In a statement released today, the European Commission has revealed that it is opening formal antitrust proceedings to investigate the possible presence of anti-competitive practices within the ebook industry. The investigation will target a number of international publishers including Harper Collins, Simon & Schuster and Penguin. The Commission will also be investigating whether Apple has helped the publishers engage in anti-competitive practices.
The European Commission has opened formal antitrust proceedings to investigate whether international publishers Hachette Livre, Harper Collins, Simon & Schuster, Penguin and Verlagsgruppe Georg von Holzbrinck have, possibly with the help of Apple, engaged in anti-competitive practices affecting the sale of e-books in the European Economic Area, in breach of EU antitrust rules. [Shortened]
The Commission will examine the ‘agency agreements’ entered into by the publishers — with concerns that they may breach EU antitrust rules that “prohibit cartels and restrictive business practices”. It isn’t yet known for how long the commission will run for.
The Commission will in particular investigate whether these publishing groups and Apple have engaged in illegal agreements or practices that would have the object or the effect of restricting competition in the EU or in the EEA.
[Via The Verge]
Apple’s recently announced subscriptions for content-based iOS apps have caused a stir in the publishing and development community due to the 30% cut the Cupertino company takes off every recurring payment and the impossibility for publishers to insert in their iPhone and iPad applications links to alternative web stores.
The Wall Street Journal reports U.S. and European antitrust enforcers “have begun looking at” Apple’s new subscription policy, and whether it may violate laws that regulate the sell of digital subscriptions in online marketplaces. This renewed interest in Apple’s iTunes payment platform may not evolve into a formal investigation or “action against the company”, the WSJ reports, but it appears that Apple has attracted regulators across the United States and Europe.
A spokeswoman for the European Commission, the European Union’s executive arm, said Thursday that the commission was aware of the new subscription service and was “carefully monitoring the situation.
Apple and representatives of the FTC and Justice Department declined to comment. The new subscription system, officially announced by Apple earlier this week, allows content publishers to set up recurring weekly, monthly or yearly subscriptions in their iOS apps. Users can subscribe with just one tap through their iPhones and iPads and manage subscriptions from their mobile devices and iTunes account, which relies on the same credit card information used to purchase songs, movies, books and apps sold by Apple in its iTunes Store. Several companies have expressed their concerns this week regarding Apple’s 30% commission on every transaction.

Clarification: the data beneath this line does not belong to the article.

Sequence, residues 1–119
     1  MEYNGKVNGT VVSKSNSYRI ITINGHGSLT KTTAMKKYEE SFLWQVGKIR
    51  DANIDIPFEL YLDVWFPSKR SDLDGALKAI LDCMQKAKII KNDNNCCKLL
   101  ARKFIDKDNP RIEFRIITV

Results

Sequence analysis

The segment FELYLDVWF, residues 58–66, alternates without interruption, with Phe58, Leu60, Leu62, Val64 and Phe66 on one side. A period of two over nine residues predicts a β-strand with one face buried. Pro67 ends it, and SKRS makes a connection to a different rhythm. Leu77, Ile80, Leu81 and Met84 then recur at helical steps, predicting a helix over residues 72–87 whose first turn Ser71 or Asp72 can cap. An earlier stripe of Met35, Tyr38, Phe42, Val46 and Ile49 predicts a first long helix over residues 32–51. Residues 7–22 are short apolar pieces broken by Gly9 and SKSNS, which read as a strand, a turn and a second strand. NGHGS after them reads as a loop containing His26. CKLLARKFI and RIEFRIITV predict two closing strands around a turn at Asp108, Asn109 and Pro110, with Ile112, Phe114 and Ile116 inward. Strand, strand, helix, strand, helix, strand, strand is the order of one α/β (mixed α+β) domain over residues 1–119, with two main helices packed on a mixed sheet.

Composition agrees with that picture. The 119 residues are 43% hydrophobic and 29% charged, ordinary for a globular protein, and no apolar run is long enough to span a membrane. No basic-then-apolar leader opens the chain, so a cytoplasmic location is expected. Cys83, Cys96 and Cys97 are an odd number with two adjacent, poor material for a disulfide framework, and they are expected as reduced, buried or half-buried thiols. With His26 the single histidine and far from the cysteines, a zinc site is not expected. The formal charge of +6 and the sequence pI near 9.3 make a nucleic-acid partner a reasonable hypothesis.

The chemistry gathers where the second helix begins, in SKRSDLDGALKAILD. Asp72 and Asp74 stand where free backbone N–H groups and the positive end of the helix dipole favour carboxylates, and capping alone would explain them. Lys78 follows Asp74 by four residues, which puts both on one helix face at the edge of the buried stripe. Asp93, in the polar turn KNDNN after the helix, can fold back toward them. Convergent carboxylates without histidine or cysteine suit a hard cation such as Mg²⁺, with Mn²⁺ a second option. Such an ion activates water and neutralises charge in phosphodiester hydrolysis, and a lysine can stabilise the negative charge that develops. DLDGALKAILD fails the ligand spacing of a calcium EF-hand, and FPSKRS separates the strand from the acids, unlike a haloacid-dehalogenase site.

Antitrust officials in the U.S. and abroad may be hard-pressed to conclude that Apple’s 30% commission is excessive, antitrust experts said, partly because it will be difficult to determine a benchmark commission rate for digital subscriptions. “The European Commission has been reluctant in the past to second-guess pricing as it is a complex exercise, and the commission does not want to become a price regulator,” said Damien Geradin, a professor of competition law at Tilburg University in the Netherlands.
Last year, the FTC was reportedly looking into Apple’s App Store guidelines that forced developers to create applications for iPhones and iPads using only the provided programming tools, but no formal action was taken afterwards.
Less than a day since Apple unveiled it’s somewhat new subscription rules and unsurprisingly there is already some backlash from publishers and suggestions of possible antitrust investigations. The most prominent content provider that has spoken out so far is Rhapsody, effectively signaling that Apple’s 30% is not economically viable for them after paying music publishers and as a result will not be implementing the new subscription service and policy.
Rhapsody’s president Jon Irwin issued a statement and amongst noting that it would be “economically untenable,” he also noted that they will be “collaborating with our market peers in determining an appropriate legal and business response to this latest development.” This certainly gives the impression of possible legal action if that avenue is open to them and interestingly enough The Wall Street Journal contacted several law professors and reported that Apple’s new policy could potentially “draw antitrust scrutiny”.